In anticipation, the Japanese car giant revealed images and some details of the 2017 version of the country's best-selling sport utility vehicle.
The fifth-generation CR-V, first launched in 1997, will come standard with a 2.4-liter four-cylinder power plant. But the higher trim levels (Honda currently offers five CR-V models) will be available with a 1.5-liter turbocharged four-cylinder engine — a first for the popular SUV.
The new engine will make 190 horsepower (up from 185 on the current engine) and offer improved fuel economy that Honda says will be the highest Environmental Protection Agency numbers in the entire SUV class. (Honda has not said what those numbers are.)
Working from a new chassis and body design, Honda says the refreshed CR-V will have better handling and ground clearance, and will be available in front-wheel-drive and all-wheel-drive versions.
Honda promises the new CR-V will offer more cabin room, more rear seat legroom and more cargo space, as well as a new remote engine start, improved front seat adjustability and heated front and rear seats.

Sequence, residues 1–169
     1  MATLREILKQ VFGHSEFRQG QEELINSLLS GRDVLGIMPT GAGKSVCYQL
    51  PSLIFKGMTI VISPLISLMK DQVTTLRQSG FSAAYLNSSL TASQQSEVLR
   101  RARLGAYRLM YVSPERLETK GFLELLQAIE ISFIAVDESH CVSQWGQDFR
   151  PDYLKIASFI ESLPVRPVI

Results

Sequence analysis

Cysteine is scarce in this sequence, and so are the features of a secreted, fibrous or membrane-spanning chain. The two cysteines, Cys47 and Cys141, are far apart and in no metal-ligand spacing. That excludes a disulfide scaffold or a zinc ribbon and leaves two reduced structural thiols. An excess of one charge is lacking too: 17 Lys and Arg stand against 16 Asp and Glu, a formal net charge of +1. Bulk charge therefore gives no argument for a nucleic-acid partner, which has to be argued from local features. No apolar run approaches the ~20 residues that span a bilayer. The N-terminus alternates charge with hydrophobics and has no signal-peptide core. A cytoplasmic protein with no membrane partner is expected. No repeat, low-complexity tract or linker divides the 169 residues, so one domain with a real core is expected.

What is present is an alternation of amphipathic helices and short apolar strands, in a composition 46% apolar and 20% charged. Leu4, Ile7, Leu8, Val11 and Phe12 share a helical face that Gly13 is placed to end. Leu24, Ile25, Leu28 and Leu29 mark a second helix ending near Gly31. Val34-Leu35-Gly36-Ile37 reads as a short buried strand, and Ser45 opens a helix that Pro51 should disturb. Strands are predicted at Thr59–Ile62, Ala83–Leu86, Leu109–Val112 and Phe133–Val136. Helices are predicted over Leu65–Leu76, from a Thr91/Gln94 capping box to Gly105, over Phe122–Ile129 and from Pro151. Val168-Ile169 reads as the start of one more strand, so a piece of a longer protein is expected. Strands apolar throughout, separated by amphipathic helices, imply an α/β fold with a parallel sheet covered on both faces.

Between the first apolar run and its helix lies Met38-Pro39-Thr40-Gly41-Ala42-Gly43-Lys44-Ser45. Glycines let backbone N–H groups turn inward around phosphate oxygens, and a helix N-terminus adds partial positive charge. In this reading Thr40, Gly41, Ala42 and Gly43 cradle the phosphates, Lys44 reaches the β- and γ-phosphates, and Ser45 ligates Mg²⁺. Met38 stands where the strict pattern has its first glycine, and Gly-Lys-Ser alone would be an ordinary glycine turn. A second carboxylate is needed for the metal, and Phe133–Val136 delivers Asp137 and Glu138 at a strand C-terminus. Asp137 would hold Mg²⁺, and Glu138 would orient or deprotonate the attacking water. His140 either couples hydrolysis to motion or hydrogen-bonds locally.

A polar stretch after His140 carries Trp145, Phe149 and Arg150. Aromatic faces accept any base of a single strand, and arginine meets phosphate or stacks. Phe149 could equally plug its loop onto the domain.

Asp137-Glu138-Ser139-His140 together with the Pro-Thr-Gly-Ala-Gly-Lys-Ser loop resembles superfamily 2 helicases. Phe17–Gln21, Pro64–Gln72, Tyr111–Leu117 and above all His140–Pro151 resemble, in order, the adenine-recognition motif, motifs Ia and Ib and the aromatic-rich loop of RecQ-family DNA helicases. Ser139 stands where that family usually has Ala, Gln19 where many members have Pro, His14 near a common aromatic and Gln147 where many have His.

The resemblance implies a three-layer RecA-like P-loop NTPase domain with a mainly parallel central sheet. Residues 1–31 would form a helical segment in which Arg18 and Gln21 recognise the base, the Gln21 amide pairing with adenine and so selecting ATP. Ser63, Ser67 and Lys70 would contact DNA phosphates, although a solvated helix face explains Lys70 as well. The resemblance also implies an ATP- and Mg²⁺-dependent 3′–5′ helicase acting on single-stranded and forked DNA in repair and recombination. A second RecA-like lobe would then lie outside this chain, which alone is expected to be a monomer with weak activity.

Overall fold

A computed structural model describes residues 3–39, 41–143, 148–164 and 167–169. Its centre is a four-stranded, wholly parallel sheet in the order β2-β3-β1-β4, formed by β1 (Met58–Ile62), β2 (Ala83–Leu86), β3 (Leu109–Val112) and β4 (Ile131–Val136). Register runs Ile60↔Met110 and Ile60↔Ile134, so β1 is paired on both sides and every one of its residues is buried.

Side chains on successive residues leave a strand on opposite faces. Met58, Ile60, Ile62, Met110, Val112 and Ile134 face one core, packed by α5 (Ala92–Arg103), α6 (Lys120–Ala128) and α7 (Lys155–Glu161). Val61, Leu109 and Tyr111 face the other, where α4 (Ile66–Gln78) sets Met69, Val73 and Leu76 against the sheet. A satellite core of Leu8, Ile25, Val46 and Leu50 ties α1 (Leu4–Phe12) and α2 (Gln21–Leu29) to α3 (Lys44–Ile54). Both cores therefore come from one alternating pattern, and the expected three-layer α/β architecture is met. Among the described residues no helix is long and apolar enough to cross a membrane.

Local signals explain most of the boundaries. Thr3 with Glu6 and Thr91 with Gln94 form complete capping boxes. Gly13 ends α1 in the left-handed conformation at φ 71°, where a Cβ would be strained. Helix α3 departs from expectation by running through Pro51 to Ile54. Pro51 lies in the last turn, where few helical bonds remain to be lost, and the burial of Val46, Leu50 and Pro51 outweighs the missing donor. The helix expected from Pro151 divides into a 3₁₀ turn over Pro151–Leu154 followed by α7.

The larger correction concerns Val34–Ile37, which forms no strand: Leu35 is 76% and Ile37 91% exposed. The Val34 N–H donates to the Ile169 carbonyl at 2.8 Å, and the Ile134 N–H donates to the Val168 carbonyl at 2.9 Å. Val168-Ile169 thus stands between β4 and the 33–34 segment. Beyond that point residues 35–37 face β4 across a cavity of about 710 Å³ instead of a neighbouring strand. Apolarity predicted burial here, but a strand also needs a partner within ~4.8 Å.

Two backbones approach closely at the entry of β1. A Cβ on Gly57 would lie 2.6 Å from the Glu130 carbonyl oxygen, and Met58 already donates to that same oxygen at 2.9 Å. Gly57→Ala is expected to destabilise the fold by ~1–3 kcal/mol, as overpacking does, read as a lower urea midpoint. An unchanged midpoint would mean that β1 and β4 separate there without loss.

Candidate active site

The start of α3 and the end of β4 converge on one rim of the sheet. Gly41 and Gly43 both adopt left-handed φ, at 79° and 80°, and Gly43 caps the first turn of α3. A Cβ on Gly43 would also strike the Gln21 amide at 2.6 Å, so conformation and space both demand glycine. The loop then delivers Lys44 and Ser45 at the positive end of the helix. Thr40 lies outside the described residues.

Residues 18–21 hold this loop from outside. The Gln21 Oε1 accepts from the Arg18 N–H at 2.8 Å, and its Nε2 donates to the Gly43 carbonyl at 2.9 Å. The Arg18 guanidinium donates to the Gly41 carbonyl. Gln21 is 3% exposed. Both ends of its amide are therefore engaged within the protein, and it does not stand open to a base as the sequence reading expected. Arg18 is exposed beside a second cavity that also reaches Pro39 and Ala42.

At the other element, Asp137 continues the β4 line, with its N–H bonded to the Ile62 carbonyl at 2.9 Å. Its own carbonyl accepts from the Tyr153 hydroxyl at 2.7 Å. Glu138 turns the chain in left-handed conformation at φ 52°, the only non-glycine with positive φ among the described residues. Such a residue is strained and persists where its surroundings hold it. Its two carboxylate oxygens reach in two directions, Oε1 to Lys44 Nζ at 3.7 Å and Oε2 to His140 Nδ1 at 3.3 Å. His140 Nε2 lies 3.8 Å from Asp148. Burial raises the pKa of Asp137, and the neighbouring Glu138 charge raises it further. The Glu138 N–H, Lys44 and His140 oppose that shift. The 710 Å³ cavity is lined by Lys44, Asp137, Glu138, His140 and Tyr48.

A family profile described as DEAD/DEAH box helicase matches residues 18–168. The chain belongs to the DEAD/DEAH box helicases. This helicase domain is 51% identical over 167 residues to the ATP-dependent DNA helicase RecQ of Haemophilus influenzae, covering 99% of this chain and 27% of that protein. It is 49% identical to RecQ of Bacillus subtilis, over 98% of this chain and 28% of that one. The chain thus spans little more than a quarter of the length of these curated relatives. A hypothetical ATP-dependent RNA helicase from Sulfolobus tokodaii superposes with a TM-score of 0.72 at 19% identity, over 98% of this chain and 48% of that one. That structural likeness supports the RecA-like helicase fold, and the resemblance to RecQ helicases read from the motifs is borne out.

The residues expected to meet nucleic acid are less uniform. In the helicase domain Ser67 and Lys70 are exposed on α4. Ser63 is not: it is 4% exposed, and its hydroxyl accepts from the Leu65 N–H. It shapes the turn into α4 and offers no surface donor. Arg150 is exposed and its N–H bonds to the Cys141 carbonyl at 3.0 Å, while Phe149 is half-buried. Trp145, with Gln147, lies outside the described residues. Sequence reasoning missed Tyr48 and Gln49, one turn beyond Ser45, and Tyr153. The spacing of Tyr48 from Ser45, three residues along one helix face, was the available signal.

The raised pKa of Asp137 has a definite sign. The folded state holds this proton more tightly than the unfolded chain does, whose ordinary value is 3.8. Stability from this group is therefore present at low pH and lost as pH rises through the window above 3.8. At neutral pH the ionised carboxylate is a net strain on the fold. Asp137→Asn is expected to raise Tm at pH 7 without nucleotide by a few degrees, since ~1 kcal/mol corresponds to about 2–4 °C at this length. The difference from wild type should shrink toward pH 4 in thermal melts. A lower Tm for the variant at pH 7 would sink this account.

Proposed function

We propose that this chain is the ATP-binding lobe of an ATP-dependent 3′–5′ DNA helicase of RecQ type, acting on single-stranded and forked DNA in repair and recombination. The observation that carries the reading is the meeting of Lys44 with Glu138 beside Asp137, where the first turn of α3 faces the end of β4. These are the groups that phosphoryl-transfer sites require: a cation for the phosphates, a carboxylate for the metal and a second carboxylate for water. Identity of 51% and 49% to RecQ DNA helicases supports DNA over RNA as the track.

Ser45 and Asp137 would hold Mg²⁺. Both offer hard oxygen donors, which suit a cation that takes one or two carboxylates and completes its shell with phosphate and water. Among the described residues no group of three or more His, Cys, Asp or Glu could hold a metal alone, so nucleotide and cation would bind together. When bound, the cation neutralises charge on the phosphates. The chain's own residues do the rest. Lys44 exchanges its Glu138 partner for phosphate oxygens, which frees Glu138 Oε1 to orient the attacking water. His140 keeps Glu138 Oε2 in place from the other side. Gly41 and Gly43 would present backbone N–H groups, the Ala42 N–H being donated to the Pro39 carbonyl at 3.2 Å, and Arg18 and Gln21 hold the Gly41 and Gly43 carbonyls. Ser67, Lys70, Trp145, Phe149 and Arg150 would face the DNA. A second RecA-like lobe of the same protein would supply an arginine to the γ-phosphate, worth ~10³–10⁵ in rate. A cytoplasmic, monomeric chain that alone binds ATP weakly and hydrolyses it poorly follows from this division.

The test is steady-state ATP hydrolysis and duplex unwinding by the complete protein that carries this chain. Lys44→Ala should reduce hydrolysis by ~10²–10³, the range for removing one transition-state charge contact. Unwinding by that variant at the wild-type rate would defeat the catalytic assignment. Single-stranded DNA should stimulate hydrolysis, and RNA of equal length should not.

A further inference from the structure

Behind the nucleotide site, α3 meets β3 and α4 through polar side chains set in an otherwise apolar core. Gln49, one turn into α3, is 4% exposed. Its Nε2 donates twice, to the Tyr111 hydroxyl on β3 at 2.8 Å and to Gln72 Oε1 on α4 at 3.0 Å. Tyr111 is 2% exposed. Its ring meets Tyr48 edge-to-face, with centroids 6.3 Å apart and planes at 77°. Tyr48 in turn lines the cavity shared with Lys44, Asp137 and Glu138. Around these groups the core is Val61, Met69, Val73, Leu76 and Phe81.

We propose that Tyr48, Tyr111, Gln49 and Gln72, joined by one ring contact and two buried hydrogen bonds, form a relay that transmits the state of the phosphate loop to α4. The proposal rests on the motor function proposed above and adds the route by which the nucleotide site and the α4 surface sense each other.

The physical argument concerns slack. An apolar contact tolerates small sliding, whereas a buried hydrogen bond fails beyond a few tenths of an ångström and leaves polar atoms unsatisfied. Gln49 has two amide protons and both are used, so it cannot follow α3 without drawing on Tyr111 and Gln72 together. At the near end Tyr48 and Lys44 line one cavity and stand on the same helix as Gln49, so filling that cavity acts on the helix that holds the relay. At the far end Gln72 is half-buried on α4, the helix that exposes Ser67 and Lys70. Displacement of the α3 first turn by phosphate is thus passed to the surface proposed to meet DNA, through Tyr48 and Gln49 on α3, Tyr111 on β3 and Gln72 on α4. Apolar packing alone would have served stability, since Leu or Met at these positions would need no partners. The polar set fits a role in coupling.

On higher trim levels, the 2017 will include Honda Sensing, a suite of safety features that includes collision warnings, lane departure and pedestrian crossing alerts, and assisted braking.
Honda's popular CR-V has often been at the top of the SUV sales charts, where it currently holds sway over traditional segment competitors
According to published reports, Honda sold 259,499 CR-Vs in 2015, beating all rivals. It leads its class in 2016 sales, with 263,493 units sold through September. The RAV4 was just behind, with 260,380. The Nissan Rogue and Ford Escape followed with 241,619 and 234,764 units sold, respectively.